Petra Mayer  18:32

Now, you mentioned LMS, or learning management systems. So for an organization that needs to, that is perhaps in the process of securing an LMS, implementing an LMS that they they don’t have one yet. What is it? Where would you think they need to put attention to, to ensure that their LMS that they’re choosing is going to support their accessibility priorities?

David Berman  19:00

It’s a huge, it’s a huge decision. Because of course, accessibilities should get a vote not a veto in terms of making a decision as large as which LMS or which group of LMS is, will work in a certain business environment. However, that’s where we come back to the value of these technical standards again. This is a big topic, we could have a whole nother thing on on accessible LMS and procurement of them. But the key idea, Petra, is that because we have clear technical standards, there are also international standards on how you describe and certify the accessibility of an LMS or an instructional design platform or a textbook. And so the most typical standard that’s used in the industry is something called a VPAT something developed by the Americans and the Europeans in tandem. And it’s a formal declaration one can make about the accessibility of a web based or web based module, such as an LMS. So all of the major LMS is tend to have published this thing called a VPAT. And it will make declarations as to what conformance level they’ve reached in terms of the international standards. Getting a little nerdy, maybe for another day. But the key is that it starts with making sure that we educate our procurement teams on making sure that accessibility is a mandatory requirement for anything that they’re sourcing. Because it’s way too late. Later on, we discover: oh, my gosh, oh, my gosh, on that particular instructional design platform, we can’t do that. What are we going to do now?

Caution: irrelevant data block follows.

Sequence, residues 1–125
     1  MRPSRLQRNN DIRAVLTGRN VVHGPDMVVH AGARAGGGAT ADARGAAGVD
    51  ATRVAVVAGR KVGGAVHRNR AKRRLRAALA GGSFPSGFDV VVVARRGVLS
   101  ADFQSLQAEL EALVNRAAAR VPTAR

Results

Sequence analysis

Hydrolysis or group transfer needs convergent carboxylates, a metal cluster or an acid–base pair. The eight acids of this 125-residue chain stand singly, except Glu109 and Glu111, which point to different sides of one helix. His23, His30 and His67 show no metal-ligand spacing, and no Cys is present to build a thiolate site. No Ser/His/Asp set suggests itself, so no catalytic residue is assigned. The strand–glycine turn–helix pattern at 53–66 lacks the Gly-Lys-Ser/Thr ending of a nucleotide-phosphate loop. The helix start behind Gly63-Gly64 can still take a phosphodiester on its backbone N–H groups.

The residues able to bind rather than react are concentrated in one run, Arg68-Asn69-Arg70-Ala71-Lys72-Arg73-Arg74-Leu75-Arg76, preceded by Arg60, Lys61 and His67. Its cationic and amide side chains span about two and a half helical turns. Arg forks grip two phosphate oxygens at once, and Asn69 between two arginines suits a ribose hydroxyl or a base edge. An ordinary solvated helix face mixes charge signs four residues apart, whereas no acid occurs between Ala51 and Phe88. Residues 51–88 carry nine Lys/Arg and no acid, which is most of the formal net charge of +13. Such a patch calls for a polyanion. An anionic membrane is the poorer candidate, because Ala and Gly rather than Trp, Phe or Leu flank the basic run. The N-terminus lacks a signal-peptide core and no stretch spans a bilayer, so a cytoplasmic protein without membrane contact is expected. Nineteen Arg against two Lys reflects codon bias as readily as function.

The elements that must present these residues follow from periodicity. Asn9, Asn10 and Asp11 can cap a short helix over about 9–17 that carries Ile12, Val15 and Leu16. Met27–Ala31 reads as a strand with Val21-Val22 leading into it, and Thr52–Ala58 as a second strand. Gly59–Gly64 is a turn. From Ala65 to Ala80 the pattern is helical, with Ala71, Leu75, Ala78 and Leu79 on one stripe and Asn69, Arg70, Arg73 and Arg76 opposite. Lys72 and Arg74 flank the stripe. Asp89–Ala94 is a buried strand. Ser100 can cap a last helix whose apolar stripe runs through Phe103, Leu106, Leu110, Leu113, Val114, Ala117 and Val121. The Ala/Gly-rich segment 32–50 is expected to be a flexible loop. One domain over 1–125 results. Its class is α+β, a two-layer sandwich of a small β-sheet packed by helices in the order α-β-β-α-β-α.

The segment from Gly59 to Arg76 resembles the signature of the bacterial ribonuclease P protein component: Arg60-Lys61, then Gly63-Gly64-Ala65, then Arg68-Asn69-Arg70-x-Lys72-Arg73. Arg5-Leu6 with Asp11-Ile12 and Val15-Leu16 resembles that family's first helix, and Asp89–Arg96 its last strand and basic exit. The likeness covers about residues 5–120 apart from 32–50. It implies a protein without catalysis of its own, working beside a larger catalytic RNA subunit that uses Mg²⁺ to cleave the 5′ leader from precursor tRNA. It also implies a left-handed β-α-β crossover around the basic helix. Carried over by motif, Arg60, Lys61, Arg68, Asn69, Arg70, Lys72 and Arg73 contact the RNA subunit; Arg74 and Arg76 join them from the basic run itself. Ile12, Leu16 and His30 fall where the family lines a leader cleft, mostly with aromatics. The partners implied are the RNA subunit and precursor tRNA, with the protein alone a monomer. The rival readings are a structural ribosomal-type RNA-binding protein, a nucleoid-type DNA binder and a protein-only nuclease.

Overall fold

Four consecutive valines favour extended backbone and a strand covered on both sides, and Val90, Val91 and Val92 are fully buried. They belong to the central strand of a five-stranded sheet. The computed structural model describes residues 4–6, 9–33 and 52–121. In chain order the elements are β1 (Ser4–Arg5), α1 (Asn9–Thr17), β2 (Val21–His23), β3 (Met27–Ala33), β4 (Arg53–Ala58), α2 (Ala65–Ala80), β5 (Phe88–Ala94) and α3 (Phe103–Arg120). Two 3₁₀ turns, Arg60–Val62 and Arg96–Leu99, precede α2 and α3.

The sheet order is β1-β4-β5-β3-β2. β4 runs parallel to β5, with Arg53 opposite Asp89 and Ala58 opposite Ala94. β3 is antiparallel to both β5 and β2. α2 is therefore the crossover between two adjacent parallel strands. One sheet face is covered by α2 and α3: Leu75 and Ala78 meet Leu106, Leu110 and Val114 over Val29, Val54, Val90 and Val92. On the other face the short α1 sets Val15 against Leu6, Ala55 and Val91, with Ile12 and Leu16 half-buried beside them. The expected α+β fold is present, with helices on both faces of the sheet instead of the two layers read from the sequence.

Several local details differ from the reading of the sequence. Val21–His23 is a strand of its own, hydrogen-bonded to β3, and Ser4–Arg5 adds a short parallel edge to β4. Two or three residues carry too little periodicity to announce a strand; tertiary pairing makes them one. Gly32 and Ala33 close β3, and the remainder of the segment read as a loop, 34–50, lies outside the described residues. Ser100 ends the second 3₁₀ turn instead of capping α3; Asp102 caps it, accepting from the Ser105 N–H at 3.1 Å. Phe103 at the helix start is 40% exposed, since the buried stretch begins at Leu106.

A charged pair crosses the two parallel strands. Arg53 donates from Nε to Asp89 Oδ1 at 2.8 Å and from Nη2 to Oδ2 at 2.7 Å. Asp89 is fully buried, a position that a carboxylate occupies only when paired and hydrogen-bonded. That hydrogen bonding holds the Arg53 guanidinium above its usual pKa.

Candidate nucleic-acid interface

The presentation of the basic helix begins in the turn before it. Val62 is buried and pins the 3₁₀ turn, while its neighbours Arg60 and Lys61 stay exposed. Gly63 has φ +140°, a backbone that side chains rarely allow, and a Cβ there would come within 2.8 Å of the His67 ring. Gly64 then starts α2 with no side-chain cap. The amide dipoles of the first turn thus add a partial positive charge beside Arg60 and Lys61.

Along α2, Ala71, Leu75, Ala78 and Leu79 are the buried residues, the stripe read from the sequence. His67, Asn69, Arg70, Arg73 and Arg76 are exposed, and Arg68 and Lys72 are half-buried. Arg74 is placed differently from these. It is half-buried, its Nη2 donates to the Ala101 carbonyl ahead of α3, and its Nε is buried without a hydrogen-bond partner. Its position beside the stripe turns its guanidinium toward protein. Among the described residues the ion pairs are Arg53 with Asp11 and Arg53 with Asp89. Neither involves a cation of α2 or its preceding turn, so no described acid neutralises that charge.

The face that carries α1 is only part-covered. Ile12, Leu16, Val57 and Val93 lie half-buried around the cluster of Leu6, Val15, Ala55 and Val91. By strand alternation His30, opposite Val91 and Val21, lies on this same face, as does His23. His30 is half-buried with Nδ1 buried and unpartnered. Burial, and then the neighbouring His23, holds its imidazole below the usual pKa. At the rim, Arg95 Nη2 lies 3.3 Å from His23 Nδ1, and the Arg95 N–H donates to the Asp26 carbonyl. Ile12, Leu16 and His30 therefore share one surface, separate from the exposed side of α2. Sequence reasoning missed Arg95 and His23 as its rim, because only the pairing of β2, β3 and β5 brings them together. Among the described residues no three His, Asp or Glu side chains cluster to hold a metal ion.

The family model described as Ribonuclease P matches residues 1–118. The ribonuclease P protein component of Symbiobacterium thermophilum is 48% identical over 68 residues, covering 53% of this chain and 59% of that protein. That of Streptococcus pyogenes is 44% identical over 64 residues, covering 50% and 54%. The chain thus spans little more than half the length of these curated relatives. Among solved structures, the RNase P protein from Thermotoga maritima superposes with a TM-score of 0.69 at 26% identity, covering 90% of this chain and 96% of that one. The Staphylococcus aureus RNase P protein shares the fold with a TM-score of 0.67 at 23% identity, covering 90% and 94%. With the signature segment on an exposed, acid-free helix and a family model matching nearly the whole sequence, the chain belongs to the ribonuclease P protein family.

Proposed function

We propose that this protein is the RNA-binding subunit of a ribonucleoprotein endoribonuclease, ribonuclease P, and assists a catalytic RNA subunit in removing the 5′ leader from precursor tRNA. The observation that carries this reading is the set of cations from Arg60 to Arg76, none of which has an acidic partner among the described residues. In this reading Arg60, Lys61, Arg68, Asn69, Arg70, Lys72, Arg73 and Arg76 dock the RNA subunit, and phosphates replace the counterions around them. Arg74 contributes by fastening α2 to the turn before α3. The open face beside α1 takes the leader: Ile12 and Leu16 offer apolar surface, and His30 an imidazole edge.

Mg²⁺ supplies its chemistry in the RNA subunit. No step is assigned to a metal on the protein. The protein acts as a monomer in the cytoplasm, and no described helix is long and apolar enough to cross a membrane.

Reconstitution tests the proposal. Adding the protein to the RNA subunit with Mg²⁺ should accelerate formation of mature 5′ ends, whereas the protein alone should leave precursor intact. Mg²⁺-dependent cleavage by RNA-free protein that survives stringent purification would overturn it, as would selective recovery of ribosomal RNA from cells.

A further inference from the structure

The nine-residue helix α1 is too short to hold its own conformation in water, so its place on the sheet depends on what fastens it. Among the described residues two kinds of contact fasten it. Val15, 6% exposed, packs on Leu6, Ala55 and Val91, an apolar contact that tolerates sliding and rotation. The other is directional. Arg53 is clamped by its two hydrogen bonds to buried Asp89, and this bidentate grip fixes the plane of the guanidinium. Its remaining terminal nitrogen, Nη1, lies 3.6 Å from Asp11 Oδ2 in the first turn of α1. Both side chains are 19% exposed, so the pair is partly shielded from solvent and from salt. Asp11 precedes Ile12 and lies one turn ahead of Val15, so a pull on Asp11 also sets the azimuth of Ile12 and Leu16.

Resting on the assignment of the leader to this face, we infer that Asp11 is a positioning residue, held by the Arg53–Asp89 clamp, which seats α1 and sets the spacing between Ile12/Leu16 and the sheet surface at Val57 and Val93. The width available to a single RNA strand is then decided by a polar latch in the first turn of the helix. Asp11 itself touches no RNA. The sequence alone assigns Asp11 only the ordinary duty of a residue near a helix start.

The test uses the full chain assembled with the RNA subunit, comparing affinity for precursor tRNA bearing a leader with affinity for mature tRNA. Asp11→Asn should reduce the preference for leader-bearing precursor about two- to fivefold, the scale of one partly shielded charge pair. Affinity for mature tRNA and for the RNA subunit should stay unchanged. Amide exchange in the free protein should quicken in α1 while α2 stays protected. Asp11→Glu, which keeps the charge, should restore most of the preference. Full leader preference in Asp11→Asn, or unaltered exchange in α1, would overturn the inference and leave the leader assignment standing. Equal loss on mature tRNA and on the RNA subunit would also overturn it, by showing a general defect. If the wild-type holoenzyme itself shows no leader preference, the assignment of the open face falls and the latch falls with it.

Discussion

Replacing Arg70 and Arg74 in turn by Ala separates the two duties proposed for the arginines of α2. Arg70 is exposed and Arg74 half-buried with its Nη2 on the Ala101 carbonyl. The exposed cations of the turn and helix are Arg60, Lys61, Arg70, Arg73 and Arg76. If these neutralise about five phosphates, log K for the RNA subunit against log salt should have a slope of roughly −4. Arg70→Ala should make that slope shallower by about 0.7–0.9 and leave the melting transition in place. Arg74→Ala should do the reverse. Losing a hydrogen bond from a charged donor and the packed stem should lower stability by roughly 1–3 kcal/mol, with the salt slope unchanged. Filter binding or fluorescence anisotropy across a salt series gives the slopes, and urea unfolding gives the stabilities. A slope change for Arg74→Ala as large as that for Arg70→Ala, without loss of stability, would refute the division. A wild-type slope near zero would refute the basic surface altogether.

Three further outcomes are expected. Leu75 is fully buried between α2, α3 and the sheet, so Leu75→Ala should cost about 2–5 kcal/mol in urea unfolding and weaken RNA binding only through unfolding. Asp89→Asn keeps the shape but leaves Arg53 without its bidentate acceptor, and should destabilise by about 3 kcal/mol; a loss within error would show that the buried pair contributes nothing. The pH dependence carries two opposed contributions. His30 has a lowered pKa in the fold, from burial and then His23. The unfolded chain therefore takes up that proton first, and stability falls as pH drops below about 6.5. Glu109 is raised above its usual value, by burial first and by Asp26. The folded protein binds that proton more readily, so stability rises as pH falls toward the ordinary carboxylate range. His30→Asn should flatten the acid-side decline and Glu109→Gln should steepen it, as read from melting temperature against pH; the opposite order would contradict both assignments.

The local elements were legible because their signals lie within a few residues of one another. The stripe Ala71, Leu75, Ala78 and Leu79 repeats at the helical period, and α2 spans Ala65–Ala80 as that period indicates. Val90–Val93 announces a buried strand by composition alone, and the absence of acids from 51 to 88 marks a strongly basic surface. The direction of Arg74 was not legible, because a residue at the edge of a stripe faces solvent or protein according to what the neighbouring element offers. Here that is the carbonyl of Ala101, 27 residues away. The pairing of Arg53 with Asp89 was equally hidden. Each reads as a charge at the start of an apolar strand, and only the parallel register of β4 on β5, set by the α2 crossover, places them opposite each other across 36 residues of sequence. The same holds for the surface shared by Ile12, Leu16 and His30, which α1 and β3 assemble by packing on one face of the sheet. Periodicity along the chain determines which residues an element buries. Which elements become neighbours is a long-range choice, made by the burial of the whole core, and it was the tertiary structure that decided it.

Petra Mayer  20:42

Yeah, yeah. I think that’s a really good point that you’re bringing up there: understanding upfront, where the requirements lie, and really maybe in in, particularly in the era of accessibility, maybe even shoot higher than what you personally can deliver right now. So that you can grow into it. Because as we said before, don’t get scared, get started, and then start building building one after another. And so they the system needs to provide you with the ability for you to grow into into those things. So, great point

David Berman  21:11

I agree. And better, you know, if someone doesn’t know that much about this, and is just getting started. The good news is they’ve they’ve they’ve timed it perfectly, because, for example, eight years ago, 10 years ago, if someone came to our introductory course, where they got to know like, what are we should these WCAG  success criteria? What do we have to do to meet them? That was a two day introductory course that marched through all those things. And now, in a half a day, we can take, we can take a group and get them to the point of feeling intimidated, curious, wondering how much is this going to cost, etc. How long is it going to take, we can get to the point that they have at least enough of an orientation of the topic, that they can set clear goals, that they can have an idea of budget, and that they can even walk away with some, some basic things they could start doing tomorrow, which are going to save them time and make their products better.

Petra Mayer  22:06

So you mentioned money a few times, if we needed to take existing training to make it more accessible, or build accessibility into new training that we’re developing, it can be justified the additional cost or how can we justify the additional cost? And how much do we really need to add, roughly to our development cost? You have some numbers.

David Berman  22:31